Tagged: March for Life

Guest Post: Amy and Abigail Reflect on the March for Life

Abigail Craycraft and Amy Winkler are both finishing their second year serving at parishes in the Diocese of Camden through the University of Notre Dame’s Echo Faith Formation Leadership Program.

Abigail has a BA in philosophy and theology from Boston College, where she led the Pro-Life Club for two years. As part of Echo, she is serving at Blessed Teresa of Calcutta Parish in Collingswood, NJ. She looks forward to her August wedding in her hometown of Cincinnati, Ohio, and moving to South Bend, Ind., to join her husband as he continues graduate studies at Notre Dame. 

Having volunteered at Birthright of Memphis, Tenn., from the age of three, Amy has grown up with a heart for life issues. She studied at Saint Louis University for a degree in theology and was a dedicated member of Students for Life. As part of the Echo program, she serves at Christ the King Parish in Haddonfield, NJ, as an apprentice catechetical leader.

They both attended the March for Life in January and share their experiences with The Ampersand in this e-mail conversation.

Abigail, left, and Amy at January's March for Life.

Abigail, left, and Amy at January’s March for Life.

Amy: Abigail, I had a great time traveling to the March for Life with you this year!

Abigail: Wasn’t it crazy that we have been at the same March and even the same Mass all these years and never ran into one another?

Amy: Yes, and it was definitely a blessing for me to have someone to march with and discuss issues of justice.  Many of our conversations have stuck with me, especially the one about the March as a positive witness to life.

Abigail: I really felt the atmosphere was about hope and solidarity.  The March for Life may have originated because hurt citizens were protesting an unjust law.  But I think it has evolved into a space for those seeking to promote the culture of life to be reminded, in a powerful way, that they are not alone.

One of my dearest friends reminds me every year that his favorite part of the March is standing on the hill of Constitution Avenue and looking back at the thousands of people who are making this journey, this pilgrimage, for life.

Amy: With all these thousands of people, I think we have a great opportunity for dialogue, just like we’re doing.  It’s an ideal time to stop and take account of where we’ve been, where we are, and where we are going in the culture of life.  It’s a time to engage in conversation with those around us about how best to continue building a culture of life in our country.

Abigail: Amy, that is an excellent point and that reminds me of parts of the March that I don’t necessarily agree with, specifically the publicly displayed graphic images.  I feel like it’s the wrong approach for a public demonstration. The March for Life has more young people every year and this tactic does more to create a culture of fear than one of life.

Amy: I completely agree with you, Abigail. I think that we, as those working for a culture of life, need to use strategies that mirror life rather than death.  We will not convert hearts with fear, but with love.

Abigail: It was encouraging to see the solidarity among the people, especially with their joy.  Even though the temperatures were frigid, everyone was smiling.

Amy: Yes, I felt that many at the March were celebrating life.  And this celebration is exactly what needs to be taken back to our own local communities.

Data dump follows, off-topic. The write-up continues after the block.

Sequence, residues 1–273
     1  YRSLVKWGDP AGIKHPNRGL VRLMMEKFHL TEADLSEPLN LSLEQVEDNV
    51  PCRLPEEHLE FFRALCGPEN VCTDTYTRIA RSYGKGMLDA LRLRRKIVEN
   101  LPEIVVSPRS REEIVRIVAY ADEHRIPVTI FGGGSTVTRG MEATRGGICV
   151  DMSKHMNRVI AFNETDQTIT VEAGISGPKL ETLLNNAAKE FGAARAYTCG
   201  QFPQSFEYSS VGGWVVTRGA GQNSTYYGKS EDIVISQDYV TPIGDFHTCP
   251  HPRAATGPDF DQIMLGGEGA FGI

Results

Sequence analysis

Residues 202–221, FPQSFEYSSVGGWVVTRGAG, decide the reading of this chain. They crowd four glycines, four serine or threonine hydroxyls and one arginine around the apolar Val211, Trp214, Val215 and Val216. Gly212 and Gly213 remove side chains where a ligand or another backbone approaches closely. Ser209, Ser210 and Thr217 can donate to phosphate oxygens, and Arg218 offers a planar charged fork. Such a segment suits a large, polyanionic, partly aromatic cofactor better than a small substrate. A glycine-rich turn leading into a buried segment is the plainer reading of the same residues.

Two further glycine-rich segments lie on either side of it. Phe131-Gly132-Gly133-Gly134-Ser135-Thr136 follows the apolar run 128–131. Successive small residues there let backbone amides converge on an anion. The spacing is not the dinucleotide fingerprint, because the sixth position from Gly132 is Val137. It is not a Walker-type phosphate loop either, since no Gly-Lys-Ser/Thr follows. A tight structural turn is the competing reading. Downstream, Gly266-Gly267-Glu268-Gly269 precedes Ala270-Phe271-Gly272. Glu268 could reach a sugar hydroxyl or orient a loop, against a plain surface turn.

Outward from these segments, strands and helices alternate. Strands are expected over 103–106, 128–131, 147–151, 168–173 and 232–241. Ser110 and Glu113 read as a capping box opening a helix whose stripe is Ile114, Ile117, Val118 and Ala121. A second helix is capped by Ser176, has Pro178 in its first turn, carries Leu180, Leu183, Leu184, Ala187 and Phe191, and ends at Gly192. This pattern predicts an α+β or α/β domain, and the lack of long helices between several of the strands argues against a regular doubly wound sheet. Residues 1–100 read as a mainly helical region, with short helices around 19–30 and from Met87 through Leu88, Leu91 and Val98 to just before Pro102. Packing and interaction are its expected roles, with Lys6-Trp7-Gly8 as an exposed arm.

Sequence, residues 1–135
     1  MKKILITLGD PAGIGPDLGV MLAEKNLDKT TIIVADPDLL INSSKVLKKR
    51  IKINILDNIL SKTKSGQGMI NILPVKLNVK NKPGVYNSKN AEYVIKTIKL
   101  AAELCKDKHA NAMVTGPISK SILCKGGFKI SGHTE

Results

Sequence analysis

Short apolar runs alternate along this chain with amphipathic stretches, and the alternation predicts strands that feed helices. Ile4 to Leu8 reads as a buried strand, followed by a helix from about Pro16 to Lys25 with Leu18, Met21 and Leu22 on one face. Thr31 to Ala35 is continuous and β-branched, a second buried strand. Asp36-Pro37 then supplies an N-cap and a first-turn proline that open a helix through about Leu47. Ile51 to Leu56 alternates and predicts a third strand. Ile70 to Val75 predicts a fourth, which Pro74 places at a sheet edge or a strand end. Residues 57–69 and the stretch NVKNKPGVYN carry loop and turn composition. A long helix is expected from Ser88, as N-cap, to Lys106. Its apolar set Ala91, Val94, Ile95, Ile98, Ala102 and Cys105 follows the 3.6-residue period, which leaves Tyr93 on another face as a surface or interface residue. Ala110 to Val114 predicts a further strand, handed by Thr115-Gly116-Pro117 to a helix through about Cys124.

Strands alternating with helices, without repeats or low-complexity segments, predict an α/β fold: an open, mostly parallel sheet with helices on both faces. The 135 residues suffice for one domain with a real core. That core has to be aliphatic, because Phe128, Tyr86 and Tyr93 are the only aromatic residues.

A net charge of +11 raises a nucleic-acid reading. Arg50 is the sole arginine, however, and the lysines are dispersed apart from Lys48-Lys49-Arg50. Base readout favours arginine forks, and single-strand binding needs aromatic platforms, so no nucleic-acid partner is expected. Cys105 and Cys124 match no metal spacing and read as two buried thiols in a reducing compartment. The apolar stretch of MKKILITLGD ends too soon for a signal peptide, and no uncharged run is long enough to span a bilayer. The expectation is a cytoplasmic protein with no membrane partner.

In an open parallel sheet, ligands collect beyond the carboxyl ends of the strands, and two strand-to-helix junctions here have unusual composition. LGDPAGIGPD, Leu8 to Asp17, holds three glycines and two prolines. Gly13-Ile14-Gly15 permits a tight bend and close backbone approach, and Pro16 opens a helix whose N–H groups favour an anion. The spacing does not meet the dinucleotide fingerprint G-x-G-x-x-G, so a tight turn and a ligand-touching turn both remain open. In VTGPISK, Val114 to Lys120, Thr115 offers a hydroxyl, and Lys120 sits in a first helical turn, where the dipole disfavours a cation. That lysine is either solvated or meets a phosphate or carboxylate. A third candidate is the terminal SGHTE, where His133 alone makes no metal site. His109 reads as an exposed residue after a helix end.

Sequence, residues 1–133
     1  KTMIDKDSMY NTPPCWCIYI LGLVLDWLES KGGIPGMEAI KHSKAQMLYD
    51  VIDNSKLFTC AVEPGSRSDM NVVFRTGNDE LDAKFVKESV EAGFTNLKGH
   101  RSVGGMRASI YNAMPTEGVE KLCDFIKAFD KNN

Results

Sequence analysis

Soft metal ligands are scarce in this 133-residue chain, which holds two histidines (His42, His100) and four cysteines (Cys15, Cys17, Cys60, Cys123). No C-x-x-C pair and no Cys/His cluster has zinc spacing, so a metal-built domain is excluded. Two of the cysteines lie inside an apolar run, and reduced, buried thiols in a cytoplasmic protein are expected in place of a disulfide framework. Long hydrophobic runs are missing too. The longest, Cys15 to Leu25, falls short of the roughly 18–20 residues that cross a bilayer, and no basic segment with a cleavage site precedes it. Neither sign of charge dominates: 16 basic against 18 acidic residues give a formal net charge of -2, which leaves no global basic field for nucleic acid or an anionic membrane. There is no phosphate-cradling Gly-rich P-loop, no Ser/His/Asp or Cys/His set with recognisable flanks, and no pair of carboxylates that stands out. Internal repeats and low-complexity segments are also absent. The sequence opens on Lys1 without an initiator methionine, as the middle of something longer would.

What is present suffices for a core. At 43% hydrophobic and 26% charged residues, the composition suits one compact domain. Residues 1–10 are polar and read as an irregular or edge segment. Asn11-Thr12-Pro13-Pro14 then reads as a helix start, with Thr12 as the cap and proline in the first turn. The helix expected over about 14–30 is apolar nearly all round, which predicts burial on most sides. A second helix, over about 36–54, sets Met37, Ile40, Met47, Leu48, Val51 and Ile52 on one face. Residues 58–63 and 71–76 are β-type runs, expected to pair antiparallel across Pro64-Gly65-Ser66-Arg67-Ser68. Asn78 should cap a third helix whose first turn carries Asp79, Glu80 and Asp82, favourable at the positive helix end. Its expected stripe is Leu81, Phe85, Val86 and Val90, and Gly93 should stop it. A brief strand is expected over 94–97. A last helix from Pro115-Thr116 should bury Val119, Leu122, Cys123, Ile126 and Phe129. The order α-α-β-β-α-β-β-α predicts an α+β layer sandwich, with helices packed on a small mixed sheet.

Abigail:  If we are excited about life, we will be excited to hear of any new life. It is with this respect of life that we will be able to reach out to women who find themselves pregnant, whatever the case may be.  From there we can find ways to support women.

Amy: And not only do we need to support women, but men too.  There are many men who are hurt from abortion as well as women and children. The March for Life always reminds me that building the culture of life must include a respect for all of life.  We have to be working towards promoting justice at every level.  If we are able to create a culture in which men and women are supported, respected, and loved, then they will be given the space in which they can choose life.

Abigail: This is exactly something that I love about the March.  It provides a space in which to energize and encourage people to promote the culture of life in their communities.  I was really moved by the rally we attended with the Jesuits.  The co-founder of Maggie’s place, Mary Peterson, was such a great witness to making a difference in the world. It’s incredible how she founded this organization at the age of 22 to serve and care for women in crisis pregnancies.

Amy: She truly has a great understanding and vision of what our culture can be.  And I agree with you about the March being a place in which to energize and encourage people. The members of the Students for Life organization at Saint Louis University, that I was active with in college, always looked forward to the March for Life because it was such a great time for us to bond, gather new ideas, and be energized to come back to campus and implement new programs and services that would support men and women in being able to choose life.

Abigail: I experienced similar things at Boston College.  I think what we can agree on from our conversation is that abortions will not end with the overturning of Roe vs. Wade, but when we are able to build a culture that respects all of life.  The March for Life is by no means a perfect example of this, but it does provide solidarity, hope, energy, and dialogue that has the potential to convert hearts to living lives that promote life and love.

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